A Mini Guide to Reusing and Recycling FIBC Bulk Bags
Bulk bags maybe your company’s most convenient option to simplify handling larger quantities of raw materials and industrial products. These bags are designed to be strong to withstand wear and heavy storage, but they also have a longer lifespan than ordinary container bags because of their distinct quality of coming into use multiple times.
FIBC bulk bags are environmentally sustainable, cost-effective alternatives to other storage solutions because of their feasibility of being reused and recycled. However, you should know when and how to re-use or recycle an FIBC bag.
This blog is a mini-user guide to reusing and recycling FIBC bulk bags. Read on.
When To Reuse FIBC Bulk Bags?
Modern FIBC bags are made of materials that make them fit for reuse. However, remember here that single-use bags have a safety factor (SF) of 5:1, which means they can only be used once and are not suitable for reuse. Your FIBC bag should be built with a higher SF of 6:1 to be considered fit for multiple uses.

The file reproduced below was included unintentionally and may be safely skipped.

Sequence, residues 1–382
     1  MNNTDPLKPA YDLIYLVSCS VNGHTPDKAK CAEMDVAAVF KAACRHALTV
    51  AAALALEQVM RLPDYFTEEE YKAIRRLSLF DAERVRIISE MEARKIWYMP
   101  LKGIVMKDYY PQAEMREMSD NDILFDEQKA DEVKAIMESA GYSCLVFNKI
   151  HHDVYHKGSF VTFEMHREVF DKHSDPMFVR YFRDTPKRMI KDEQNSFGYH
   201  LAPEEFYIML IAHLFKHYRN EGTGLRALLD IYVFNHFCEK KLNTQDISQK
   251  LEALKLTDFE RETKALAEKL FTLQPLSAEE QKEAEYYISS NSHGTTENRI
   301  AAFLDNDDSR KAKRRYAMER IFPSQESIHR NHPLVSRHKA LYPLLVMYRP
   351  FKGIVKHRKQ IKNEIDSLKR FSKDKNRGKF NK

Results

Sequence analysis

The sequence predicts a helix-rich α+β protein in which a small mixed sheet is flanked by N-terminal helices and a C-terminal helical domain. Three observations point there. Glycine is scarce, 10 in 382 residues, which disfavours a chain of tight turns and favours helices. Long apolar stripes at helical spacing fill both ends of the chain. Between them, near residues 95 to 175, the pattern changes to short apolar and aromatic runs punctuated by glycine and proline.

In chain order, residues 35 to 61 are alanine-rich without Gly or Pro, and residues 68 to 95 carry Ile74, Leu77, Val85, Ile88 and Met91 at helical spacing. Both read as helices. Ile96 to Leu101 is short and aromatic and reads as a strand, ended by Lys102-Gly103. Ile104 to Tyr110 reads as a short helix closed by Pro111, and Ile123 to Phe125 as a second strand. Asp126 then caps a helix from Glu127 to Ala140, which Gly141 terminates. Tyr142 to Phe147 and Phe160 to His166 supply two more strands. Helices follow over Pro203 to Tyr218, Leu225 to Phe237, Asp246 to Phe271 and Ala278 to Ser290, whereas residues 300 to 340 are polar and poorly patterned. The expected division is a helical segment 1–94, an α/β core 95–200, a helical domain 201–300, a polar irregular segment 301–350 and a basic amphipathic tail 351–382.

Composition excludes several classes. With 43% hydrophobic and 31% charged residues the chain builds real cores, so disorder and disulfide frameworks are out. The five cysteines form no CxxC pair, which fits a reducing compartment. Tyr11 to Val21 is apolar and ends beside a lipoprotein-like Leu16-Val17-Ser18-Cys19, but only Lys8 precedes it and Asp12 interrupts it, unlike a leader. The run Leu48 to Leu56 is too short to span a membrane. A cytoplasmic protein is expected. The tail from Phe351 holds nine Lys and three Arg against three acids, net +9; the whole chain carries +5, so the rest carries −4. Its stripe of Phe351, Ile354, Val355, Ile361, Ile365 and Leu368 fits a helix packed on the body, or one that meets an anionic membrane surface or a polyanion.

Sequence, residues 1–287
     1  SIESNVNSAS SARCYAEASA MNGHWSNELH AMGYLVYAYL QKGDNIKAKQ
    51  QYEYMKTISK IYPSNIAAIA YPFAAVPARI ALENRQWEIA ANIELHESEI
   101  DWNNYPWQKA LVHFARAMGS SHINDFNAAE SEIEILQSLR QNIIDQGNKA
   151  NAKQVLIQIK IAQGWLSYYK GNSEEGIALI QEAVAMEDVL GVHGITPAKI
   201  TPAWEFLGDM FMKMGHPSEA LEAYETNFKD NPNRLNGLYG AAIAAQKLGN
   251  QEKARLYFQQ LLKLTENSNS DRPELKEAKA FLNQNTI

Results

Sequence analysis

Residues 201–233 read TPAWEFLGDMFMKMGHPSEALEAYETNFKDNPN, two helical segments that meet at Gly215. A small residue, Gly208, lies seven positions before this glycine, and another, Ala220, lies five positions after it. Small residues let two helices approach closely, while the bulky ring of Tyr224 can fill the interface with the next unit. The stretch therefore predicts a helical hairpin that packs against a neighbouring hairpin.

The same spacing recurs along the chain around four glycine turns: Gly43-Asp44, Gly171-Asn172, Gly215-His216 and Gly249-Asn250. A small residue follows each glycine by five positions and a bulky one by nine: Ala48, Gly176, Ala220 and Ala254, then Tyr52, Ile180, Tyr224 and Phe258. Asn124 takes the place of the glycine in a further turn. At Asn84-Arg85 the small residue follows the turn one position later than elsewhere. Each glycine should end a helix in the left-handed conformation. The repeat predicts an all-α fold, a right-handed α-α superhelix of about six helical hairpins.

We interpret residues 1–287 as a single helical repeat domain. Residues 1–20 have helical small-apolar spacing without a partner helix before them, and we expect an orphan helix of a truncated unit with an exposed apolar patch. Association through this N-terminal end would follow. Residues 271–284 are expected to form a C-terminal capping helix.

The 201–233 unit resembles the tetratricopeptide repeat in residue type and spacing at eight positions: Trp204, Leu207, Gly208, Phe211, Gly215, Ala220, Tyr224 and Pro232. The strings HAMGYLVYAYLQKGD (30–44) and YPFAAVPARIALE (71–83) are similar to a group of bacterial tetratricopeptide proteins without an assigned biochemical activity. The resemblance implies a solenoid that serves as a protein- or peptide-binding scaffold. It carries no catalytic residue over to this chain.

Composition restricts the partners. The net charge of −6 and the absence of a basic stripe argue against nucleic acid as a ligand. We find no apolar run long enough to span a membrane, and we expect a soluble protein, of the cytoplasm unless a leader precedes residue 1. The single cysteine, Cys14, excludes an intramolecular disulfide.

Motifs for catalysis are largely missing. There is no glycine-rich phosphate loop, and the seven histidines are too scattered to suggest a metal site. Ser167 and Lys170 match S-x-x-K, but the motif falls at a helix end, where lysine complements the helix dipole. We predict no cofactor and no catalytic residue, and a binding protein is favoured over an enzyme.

How To Reuse FIBC Bags?
FIBCA recommends SOPs for cleaning an FIBC bag to deem it reusable. These include –
● Emptying the bag
● Checking for interior damages and wear so that repurposing does not backfire. Reject bags that do not fit safety standards.
● Next, clean the bag of all residual matter. Replace the liner if the bag has one.
● Recondition the bag to enable it to function in its original, high-performing way. Replace the web ties, labels, tickets, and cord-locks if necessary.
● Maintain a log of ‘reuse’ records so that you know exactly when to discard and replace the bag.
● Run a random safety precaution test on the bags to qualify them for reuse.
If you must reject bags during any one of the above processes, consider recycling them.
How are FIBC Bags Recycled?
Since they are made of virgin polypropylene, FIBC bags are fully recyclable and reusable. The recycling facility will follow the process outlined below –
● Collecting bags and classifying them as grade A, B, and C bags. The A bags are the cleanest and whitest, the B bags are noticeably dirty but still mostly white, and the C bags are the dirtiest.
● The next step involves sorting the bags and cleaning them thoroughly of all the materials they contained.
● The recycling facility will then use a shredder to reduce the bags into smaller flakes.
● Next, they will separate the shredded bags on the bases of color, size, and shape, and remove impurities from the polymers.
● Finally, they will melt and recombine polymers, and repurpose them for new products.
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